Around the turn of the century, Lisbon experienced a wave of Chinese immigration. Many of the people who made the journey were the entrepreneurial sort who started their own restaurants. Not all of these restaurants acquired a business license, though, which is where the “clandestine” part of the name comes in.
Instead, the restaurants were set up and exist today in people’s apartments--you can still find some that have a dining area right next to a sofa and family photos! Because the Chinês clandestinos of the early days were supposed to be undercover, many of them were known by their addresses or streets alone, and hungry adventurers had to search for clues like red lanterns or Chinese characters on the second floor of apartment buildings to find the exact locations.
Nowadays, a good portion of the former clandestinos have gone fully legal and you can find them on Google maps. They still provide massive portions of unique and tasty foods at unbeatable prices, but now they have business licenses and the health inspector’s approval, even if they are run out of an apartment.
Every now and again though, you might find a new clandestino if you poke around Mouraria or chat with some Lisboetas in the know.
Would you try one of the Chinês clandestinos during a trip to Lisbon?
Everyone loves a royal marriage--just look at the buzz that surrounded Prince Harry’s and Meghan Markle’s affair last year or William and Kate’s back in 2011! One royal marriage that you may not have known about, but should definitely have on your radar this week, is that of Prince Ludwig and Princess Therese of Saxony-Hildburghausen. It was their marriage on October 12, 1810, that kicked off what is today the world’s largest fair: Oktoberfest.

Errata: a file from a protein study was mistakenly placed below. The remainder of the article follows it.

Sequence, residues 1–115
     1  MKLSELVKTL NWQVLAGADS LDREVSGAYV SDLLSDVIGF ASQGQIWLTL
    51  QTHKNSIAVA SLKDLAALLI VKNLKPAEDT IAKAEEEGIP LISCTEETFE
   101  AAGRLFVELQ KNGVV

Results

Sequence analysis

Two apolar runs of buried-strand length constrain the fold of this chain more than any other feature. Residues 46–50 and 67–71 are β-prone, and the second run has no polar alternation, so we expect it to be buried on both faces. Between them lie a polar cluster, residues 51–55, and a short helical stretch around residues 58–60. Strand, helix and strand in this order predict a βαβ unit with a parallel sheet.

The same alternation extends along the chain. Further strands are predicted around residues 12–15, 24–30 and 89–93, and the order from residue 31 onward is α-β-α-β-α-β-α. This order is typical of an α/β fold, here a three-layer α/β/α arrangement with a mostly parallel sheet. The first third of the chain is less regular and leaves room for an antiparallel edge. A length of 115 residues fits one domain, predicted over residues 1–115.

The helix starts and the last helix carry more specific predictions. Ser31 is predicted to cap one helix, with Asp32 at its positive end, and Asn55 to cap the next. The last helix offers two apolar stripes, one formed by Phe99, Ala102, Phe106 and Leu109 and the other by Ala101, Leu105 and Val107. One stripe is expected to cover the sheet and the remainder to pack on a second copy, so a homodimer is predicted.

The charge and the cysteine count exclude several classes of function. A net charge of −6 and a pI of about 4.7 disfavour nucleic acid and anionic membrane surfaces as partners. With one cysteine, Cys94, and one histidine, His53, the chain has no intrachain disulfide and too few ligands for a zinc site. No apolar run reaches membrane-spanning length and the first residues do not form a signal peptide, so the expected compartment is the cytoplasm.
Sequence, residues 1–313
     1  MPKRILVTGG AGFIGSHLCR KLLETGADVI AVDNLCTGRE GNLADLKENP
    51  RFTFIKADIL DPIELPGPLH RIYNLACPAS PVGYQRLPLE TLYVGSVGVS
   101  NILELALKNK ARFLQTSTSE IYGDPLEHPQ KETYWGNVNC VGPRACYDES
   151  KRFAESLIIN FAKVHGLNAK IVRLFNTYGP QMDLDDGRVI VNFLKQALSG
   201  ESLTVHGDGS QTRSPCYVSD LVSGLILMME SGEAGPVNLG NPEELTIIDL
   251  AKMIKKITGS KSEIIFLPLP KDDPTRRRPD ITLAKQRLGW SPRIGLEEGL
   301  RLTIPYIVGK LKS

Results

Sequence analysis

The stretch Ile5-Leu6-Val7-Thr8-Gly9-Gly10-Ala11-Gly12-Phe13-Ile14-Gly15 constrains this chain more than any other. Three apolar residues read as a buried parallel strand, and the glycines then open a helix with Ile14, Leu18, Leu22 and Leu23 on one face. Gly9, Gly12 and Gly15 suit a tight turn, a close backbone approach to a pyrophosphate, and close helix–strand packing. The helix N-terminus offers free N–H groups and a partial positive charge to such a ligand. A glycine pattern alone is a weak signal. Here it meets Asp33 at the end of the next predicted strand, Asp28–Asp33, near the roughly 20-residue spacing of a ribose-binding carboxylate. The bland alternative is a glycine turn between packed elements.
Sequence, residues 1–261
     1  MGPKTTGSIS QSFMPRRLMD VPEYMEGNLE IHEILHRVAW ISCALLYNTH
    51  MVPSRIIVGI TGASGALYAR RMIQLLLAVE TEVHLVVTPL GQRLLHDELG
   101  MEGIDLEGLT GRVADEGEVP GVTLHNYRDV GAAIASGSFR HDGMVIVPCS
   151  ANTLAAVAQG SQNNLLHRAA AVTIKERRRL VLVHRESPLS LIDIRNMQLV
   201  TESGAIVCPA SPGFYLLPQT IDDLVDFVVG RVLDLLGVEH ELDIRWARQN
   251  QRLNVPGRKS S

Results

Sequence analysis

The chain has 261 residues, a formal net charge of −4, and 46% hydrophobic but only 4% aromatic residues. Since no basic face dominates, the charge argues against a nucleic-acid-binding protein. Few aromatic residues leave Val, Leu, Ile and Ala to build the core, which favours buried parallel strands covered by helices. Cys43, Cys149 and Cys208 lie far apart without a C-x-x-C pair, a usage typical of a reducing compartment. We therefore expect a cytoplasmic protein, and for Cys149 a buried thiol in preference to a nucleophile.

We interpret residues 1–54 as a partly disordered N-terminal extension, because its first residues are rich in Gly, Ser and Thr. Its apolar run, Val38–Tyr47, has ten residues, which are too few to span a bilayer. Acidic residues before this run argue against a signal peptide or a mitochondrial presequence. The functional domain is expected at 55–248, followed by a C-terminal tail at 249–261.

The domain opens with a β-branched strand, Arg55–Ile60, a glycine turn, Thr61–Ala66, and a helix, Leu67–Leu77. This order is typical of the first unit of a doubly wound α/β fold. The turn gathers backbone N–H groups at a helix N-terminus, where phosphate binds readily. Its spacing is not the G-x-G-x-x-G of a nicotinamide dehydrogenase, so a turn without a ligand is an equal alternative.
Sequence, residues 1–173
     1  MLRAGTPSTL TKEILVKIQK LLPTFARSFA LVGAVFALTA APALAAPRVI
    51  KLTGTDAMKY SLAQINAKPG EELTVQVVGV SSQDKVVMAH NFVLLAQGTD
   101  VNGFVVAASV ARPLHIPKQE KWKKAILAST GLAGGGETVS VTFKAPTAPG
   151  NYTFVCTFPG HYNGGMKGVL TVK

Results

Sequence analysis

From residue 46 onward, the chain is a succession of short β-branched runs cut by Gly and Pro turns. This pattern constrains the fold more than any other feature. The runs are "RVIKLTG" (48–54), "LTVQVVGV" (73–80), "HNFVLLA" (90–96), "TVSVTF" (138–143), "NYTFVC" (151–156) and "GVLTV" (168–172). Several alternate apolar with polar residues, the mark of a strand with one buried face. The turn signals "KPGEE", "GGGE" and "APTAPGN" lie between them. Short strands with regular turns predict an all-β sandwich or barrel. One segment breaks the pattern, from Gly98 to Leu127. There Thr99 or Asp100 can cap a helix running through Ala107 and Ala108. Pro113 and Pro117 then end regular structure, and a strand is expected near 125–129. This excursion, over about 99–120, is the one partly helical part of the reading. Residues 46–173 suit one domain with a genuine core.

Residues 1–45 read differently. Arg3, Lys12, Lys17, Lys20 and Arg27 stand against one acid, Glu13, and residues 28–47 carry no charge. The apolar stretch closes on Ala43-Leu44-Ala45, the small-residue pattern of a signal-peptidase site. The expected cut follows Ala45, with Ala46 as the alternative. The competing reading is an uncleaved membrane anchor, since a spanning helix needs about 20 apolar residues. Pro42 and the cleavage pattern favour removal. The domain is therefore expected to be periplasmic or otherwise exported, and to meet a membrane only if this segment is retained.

This year is Munich, Germany’s 186th edition of Oktoberfest. Since the fair’s inception, only war and a particularly nasty outbreak of cholera have kept the brewers at bay. Nothing else has come between Munich and its beer-drenched festivities.
But how did a royal marriage, which is often a subdued occasion, turn into the incredible multi-week event that it is today?
On that famed October day, all of the citizens of Munich were invited to partake in the marriage festivities that were held before the city gates. One of those events was horse racing; it was such a hit that everyone decided it had to be an annual thing. Horses, not malt and hops, started Oktoberfest.
The second year of Oktoberfest, an agricultural show was introduced to help promote Bavarian agriculture. Over time, more entertainment aspects were added, such as carousels and swings. A few small beer stands were set up, a few more were added the next year, a few more the next, until stands became tents backed by the local breweries
Nowadays, there are plenty of things to experience at Oktoberfest in addition to the beer halls. Traditional foods like pretzels, würstl, and sauerkraut are served, roller coasters are set up, there are processions with folks in costume, and there are even concerts throughout the event!
Oktoberfest traditionally begins in the third weekend of September and concludes on the first Sunday of October. It may be a little late to round up your beer-loving friends and jet off to Munich this year, but there is always next! If you’re ready to begin planning for this unforgettable event, contact me and we’ll work out all of the details!
Author: Debra Harris
As founder of Life’s Journey Travel, I’m deeply passionate about creating custom travel experiences that allow my clients to truly savor the journey.